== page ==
The Labor Department revived 17 opinion letters to employers issued during the final days of George W. Bush's second term, a move that represents a shift in how the department will enforce compliance with overtime and other wage requirements.
The letters from the Wage and Hour Division, which were withdrawn once Barack Obama took office, provide interpretations of how the Fair Labor Standards Act applies in individual cases. The Obama administration stopped issuing these letters altogether, instead releasing broader "Administrator's Interpretations" that laid out how the department viewed employers' specific obligations under the law.
Businesses and labor advocates have sparred over how best to provide guidance on these issues for a decade.
The National Association of Manufacturers and the U.S. Chamber of Commerce welcomed the Trump administration's move, saying it revives a narrowly tailored approach that does not establish new legal precedent. Critics said these individual letters allow employers to skirt paying overtime and complying with other aspects of the far-reaching labor law.
The administration is evaluating other aspects of how to interpret the FLSA, which covers everything from child labor to record-keeping. On Friday the Labor Department announced it was changing the way it evaluates whether interns and students qualify as employees under the 1938 law, to better reflect recent court rulings.
Marc Freedman, executive director of labor law policy at the U.S. Chamber of Commerce, said in an interview that the revived approach was a "far superior way for employers to provide specific advice on compliance questions" than "the sort of broad pronouncements from on high" issued through such interpretations.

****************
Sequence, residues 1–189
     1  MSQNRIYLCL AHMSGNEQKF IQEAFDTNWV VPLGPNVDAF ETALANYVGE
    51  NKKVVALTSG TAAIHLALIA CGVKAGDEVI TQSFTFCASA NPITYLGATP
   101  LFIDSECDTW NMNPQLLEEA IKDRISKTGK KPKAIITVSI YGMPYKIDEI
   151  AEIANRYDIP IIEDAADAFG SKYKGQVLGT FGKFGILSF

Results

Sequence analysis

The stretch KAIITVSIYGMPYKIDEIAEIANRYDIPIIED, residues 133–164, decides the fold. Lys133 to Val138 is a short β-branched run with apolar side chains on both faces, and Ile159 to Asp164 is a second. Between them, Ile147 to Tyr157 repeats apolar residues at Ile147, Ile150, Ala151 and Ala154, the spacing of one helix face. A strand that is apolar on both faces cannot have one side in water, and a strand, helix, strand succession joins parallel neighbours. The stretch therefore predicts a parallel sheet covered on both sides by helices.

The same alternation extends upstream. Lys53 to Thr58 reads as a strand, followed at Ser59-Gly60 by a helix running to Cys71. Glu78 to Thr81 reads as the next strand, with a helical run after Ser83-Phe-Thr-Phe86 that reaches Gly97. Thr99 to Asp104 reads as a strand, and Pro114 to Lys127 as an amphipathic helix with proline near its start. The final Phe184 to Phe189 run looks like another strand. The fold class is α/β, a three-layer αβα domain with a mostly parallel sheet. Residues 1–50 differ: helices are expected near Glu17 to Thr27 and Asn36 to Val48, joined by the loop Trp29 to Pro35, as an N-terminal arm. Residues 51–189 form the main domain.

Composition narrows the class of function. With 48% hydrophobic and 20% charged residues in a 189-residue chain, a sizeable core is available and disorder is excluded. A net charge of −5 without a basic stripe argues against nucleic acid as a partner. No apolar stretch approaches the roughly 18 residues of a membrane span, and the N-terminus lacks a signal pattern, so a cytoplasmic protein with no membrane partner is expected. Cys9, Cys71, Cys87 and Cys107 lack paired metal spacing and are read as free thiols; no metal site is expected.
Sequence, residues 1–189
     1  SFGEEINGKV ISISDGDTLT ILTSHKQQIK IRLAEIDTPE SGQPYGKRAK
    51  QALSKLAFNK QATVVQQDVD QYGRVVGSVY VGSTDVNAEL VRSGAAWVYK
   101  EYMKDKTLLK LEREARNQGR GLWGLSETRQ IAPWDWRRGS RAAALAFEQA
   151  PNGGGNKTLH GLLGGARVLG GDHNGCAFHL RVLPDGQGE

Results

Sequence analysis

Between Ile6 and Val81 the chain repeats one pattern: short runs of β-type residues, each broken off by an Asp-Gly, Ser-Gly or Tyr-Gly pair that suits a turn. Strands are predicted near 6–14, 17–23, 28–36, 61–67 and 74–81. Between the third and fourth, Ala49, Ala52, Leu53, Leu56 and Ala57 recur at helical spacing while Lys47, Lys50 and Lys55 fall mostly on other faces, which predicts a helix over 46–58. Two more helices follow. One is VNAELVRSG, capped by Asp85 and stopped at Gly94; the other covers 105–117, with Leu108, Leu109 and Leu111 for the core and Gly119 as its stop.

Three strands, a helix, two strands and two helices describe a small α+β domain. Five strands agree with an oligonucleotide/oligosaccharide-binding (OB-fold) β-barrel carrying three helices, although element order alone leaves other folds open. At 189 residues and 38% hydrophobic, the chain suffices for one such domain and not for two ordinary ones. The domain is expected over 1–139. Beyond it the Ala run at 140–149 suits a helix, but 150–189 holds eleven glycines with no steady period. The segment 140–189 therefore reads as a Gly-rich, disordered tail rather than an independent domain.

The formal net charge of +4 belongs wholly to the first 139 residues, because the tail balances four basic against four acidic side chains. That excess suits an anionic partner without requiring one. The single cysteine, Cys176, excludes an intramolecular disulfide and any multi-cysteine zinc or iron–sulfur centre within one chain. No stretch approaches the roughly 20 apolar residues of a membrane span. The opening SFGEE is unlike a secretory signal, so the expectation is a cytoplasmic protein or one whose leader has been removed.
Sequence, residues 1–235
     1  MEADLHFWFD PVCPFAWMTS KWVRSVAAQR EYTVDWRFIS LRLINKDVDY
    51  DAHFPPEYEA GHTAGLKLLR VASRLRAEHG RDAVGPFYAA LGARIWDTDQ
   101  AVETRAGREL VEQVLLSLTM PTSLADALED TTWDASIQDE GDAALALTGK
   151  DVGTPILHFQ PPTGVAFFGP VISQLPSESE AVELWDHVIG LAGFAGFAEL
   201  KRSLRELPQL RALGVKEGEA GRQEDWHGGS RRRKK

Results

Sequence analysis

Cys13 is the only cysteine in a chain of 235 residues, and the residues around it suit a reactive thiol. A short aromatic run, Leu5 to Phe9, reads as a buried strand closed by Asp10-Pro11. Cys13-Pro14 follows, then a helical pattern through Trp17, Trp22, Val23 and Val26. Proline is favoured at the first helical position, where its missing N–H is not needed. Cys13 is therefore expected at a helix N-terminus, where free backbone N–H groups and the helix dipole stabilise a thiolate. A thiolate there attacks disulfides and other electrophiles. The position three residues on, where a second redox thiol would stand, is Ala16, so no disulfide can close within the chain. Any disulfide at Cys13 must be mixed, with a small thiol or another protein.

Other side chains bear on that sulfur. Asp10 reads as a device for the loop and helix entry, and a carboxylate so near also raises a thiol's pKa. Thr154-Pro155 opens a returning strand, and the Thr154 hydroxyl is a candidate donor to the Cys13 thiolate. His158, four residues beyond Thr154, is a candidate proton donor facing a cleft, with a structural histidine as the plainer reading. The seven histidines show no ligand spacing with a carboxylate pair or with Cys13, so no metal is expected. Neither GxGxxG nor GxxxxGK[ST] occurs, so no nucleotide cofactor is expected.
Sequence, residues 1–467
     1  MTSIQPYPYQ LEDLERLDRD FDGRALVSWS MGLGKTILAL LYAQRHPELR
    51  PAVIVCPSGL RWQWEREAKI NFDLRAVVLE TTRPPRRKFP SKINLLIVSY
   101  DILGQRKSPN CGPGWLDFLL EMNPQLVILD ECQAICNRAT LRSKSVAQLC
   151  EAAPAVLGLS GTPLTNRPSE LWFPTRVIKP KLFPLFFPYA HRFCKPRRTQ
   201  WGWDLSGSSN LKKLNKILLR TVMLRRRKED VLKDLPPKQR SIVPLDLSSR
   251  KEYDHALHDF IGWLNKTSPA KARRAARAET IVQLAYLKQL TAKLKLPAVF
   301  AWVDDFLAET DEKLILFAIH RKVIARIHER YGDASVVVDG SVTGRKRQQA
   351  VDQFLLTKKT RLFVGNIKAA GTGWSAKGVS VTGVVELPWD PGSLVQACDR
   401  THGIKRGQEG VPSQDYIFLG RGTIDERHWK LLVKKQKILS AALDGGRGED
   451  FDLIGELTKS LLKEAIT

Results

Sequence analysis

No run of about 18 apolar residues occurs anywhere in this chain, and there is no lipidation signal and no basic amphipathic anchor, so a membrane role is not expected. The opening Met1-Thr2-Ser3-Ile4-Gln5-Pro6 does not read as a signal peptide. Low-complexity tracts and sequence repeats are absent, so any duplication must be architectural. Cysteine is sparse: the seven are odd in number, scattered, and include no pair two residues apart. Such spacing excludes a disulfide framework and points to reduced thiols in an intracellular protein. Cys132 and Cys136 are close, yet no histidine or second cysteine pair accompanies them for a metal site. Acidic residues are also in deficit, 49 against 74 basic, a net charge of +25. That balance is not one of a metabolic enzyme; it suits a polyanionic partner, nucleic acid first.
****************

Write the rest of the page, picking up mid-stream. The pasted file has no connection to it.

"These pronouncements were made with no public involvement, no public engagement," Freedman said.
National Employment Law Project executive director Christine Owens, however, blasted the revival of the nine-year-old letters as "another example of how this administration is siding with big business to make it harder to get paid for working overtime and to make it easier for companies to reap the benefits of young workers' labor without paying a cent for it."
David Weil, who served as wage and hour administrator under Obama, said in an email that opinion letters "are problematic" because they take considerable time and effort to craft, yet only address one company's situation.
"In the past they have been used as 'get out of jail free' cards by some companies and create uneven patterns of expectations among employers," he said, adding that the interpretations he issued while in the job were more comprehensive.
If Labor Secretary Alexander Acosta reverts to opinion letters, Weil added, "I would hope they provide the public transparency on who has requested them," and that workers and their representatives be allowed to make the same sorts of requests.
The letters in question were all posted online in January 2009, but they were never mailed. Obama officials rescinded them immediately upon taking office.
In a similar vein, Acosta withdrew in June two of the most controversial Administrator's Interpretations issued under the Obama administration. One dictated that if a subcontractor failed to comply with FLSA requirements, the company that hired it could be held liable. The second interpretation reset how to classify workers as employees covered by the FLSA, triggering overtime as well as other requirements.
"Because they were issued with no process, they could be withdrawn without a process," Freedman said of the two interpretations.
The letters reissued on Friday address individual cases that arose nearly a decade ago. But allies and opponents of the administration agreed the change could have a major impact, in part because employees have used opinion letters to buttress their case in pending litigation.
Patrick Hedren, vice president of labor, legal and regulatory policy at the National Association of Manufacturers, said in a statement that the letters help employers comply with the law by answering "fact specific questions, and since they are made public, [others] with similar questions can see how the Labor Department interprets the law."